Several years ago I began preparing a synthetic volume on the Pinson Mounds complex and, more broadly, the Middle Woodland (Marksville) period in the Midsouth and Lower Mississippi Valley. This involves a total reassessment of all the previous data from Pinson Mounds, as well as new research that includes geophysical imaging and locating previously unexamined historical documents. This work is leading to a view of Pinson Mounds that differs markedly from that presented in my earlier publications. My collaborators on various aspects of this are Mary Kwas, Charles McNutt, Andrew Mickelson, and Robert Thunen.
Long-term research continues on the late prehistoric mortuary record of the Central Mississippi Valley (i.e., northeast Arkansas and environs). Rita Fisher-Carroll and I have compiled data on all the reasonably well-documented human burials, including transcribing portions of C. B. Moore’s unpublished fieldnotes. The result is a database of over 5,000 burials. Ongoing work includes additional site-specific analyses, as well as regional syntheses and examination of specific artifact classes. Seven Master’s theses and a Ph.D. dissertation have been completed as part of this project.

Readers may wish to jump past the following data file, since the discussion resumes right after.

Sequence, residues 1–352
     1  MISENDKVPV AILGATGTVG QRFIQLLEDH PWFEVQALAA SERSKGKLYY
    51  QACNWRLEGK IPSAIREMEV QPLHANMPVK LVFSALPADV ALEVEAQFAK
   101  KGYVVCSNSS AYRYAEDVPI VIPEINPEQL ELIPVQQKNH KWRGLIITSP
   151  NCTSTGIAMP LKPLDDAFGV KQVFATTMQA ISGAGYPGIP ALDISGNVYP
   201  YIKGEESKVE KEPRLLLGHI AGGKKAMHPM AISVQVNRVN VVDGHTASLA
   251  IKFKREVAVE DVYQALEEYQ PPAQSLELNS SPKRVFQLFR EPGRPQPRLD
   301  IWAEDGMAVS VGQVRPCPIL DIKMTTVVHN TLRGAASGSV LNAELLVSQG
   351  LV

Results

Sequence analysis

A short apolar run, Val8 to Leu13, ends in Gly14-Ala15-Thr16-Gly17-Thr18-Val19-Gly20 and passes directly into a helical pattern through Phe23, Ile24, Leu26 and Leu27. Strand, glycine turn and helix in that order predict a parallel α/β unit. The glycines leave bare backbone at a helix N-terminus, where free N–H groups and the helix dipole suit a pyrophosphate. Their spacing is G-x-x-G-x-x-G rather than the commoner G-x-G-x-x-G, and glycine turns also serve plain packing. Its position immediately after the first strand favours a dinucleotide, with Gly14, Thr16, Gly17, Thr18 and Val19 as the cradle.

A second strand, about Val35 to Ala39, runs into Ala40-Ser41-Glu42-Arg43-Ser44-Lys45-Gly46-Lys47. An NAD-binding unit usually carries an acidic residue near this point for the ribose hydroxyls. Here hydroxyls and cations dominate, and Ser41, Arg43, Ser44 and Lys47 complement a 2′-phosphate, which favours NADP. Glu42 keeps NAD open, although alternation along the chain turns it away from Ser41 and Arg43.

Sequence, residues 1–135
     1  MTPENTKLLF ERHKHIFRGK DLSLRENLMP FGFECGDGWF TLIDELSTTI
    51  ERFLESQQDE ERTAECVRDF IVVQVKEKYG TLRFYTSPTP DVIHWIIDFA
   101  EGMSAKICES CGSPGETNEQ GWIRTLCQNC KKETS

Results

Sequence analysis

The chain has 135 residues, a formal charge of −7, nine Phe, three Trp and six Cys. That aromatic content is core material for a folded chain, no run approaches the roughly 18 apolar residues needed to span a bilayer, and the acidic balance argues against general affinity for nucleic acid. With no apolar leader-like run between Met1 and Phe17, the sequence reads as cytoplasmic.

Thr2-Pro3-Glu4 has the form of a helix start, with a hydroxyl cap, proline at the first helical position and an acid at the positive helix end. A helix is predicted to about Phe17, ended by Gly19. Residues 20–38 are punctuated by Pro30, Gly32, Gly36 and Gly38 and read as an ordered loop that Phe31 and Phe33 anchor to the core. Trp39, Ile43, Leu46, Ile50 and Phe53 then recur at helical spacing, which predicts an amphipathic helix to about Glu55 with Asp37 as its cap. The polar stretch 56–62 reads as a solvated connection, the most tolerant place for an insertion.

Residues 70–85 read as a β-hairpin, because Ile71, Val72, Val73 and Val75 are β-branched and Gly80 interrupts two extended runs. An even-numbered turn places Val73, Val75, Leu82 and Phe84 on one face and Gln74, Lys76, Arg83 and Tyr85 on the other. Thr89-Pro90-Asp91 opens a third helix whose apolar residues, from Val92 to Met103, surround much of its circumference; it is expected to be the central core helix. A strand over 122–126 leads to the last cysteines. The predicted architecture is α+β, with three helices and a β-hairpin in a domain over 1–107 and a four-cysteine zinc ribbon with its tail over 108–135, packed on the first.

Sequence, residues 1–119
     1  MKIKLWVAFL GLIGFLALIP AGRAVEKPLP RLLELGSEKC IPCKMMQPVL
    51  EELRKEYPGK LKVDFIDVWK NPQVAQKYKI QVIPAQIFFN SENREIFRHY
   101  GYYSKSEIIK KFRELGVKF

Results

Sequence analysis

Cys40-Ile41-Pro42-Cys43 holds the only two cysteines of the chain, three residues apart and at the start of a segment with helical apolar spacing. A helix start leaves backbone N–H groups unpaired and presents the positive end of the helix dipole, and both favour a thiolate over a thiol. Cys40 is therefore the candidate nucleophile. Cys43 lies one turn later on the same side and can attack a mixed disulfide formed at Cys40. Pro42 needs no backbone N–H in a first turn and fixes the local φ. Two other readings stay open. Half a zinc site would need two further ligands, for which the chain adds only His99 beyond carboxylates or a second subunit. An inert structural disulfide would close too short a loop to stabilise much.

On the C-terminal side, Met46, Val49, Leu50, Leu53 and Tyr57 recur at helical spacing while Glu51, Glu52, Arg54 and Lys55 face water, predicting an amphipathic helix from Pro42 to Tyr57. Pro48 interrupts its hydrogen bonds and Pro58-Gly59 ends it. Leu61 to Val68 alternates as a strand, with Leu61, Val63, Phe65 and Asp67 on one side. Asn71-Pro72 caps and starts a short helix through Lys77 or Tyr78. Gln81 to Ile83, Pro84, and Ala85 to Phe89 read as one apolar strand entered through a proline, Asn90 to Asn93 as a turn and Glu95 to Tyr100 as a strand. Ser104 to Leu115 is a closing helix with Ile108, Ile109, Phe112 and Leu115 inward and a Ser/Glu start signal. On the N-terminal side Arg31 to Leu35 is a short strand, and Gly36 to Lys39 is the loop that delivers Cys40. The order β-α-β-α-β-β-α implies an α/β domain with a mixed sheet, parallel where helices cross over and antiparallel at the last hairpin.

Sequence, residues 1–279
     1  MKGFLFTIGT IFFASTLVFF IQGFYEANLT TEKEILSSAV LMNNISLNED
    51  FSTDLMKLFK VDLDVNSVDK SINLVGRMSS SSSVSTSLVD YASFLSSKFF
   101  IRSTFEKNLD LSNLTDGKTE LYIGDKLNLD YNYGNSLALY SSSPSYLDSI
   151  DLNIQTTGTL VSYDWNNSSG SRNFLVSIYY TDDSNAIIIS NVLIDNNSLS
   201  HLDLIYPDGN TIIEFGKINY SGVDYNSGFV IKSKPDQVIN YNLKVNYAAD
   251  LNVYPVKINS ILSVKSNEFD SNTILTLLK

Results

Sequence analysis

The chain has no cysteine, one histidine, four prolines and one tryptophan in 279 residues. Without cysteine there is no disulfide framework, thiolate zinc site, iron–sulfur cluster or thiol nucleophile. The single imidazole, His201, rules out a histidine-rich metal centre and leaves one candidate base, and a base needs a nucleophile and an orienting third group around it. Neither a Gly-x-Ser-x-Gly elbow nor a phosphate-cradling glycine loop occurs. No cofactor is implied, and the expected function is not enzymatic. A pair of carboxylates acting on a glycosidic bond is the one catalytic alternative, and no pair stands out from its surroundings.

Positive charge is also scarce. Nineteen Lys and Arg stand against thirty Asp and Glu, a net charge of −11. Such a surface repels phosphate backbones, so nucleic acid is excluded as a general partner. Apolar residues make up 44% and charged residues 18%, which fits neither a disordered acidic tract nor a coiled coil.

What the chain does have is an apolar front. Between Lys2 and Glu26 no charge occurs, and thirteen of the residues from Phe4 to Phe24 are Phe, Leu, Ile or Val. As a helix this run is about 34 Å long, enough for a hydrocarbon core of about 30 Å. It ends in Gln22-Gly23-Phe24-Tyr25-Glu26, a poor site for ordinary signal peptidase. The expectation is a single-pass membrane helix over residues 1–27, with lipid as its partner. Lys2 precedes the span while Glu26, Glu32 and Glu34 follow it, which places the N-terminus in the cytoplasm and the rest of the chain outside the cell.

4093 — The Archaeology of Death
4243 — Archaeology of the Midsouth
(editor, with Lynne P. Sullivan) Mississippian Mortuary Practices: Beyond Hierarchy and the Representationist Perspective. University Press of Florida, Gainesville.
(with Lynne P. Sullivan) Mortuary Practices and the Quest for Interpretation. In Mississippian Mortuary Practices: Beyond Hierarchy and the Representationist Perspective, edited by Lynne P. Sullivan and Robert C. Mainfort, Jr., pp. 1-13. University Press of Florida, Gainesville.
(with Rita Fisher-Carroll) Temporal Changes in Mortuary Behavior: Evidence from Middle and Upper Nodena. In Mississippian Mortuary Practices: Beyond Hierarchy and the Representationist Perspective, edited by Lynne P. Sullivan and Robert C. Mainfort, Jr., pp. 128-144. University Press of Florida, Gainesville.